A 2019 study published in the journal Geophysical Research Letters discovered that STEVE is the result of two mechanisms: The mauve streaks are caused by the heating of charged particles in the upper atmosphere, while the picket-fence structure results from electrons falling into the atmosphere. The latter process is the same driver of the aurora, making STEVE a special kind of aurora hybrid.
Auroras occur on other planets, too — all that’s required to make an aurora is an atmosphere and a magnetic field.
“Auroras have been seen in the atmospheres of all the gas giant planets, which is not surprising, since these planets all have robust magnetic fields,” said Jeff Regester, an instructor of physics and astronomy at High Point University in North Carolina. “More surprisingly, auroras have also been discovered on both Venus and Mars, both of which have very weak magnetic fields.”
Where and when to see the northern lights
Seeing the northern lights with your own eyes is a bucket-list item for astronomy lovers and travelers alike. Fortunately, they occur frequently. “The northern lights are happening 24 hours a day, seven days a week, 365 days a year,” said photographer Chad Blakely, owner of northern lights tour company Lights Over Lapland. But that doesn’t mean they’re easy to spot; you need to be at the right place at the right time.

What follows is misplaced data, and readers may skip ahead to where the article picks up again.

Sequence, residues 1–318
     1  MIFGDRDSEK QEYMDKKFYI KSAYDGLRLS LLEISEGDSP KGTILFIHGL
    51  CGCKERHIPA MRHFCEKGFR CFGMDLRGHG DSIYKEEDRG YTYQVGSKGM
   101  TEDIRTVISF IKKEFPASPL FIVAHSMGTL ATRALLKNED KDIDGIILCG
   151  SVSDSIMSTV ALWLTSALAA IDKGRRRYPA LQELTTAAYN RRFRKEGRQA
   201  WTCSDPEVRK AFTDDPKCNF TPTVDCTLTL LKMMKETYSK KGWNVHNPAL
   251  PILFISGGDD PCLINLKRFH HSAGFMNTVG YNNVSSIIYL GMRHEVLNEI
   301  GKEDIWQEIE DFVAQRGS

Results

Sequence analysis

The best place to see the northern lights is any destination in the “auroral zone,” the area within an approximately 1,550-mile (2,500 kilometers) radius of the North Pole, according to the Tromsø Geophysical Observatory. That’s where the aurora most frequently occurs, though the phenomenon can creep farther south during particularly strong solar storms. Within the zone, it’s best to be as far away from city lights as possible to maximize visibility. But it’s pretty tricky to get into the middle of the Arctic wilderness, even with a guide, so it’s best to base yourself in a destination with solid infrastructure, like Fairbanks, Alaska; Yellowknife, Canada; Svalbard, Norway; Abisko National Park, in Sweden; Rovaniemi, Finland; and pretty much anywhere in Iceland.
Related: Where to see the northern lights: 2021 aurora borealis guide
The best time of year to see the northern lights is between September and April, when the sky gets dark enough to see the aurora. (Northern locales experience the midnight sun, or 24 hours of daylight in the summer.) The most action usually happens between 9 p.m. and 3 a.m., according to the Geophysical Institute of the University of Alaska Fairbanks. Keep the moon phases in mind, as a bright full moon might fill the night sky with light. Check local weather forecasts as well, because you won’t be able to spot the aurora through the clouds.
You can also monitor aurora forecasts from the University of Alaska Fairbanks’ Geophysical Institute and NOAA, which offers both three-day and 30-minute forecasts.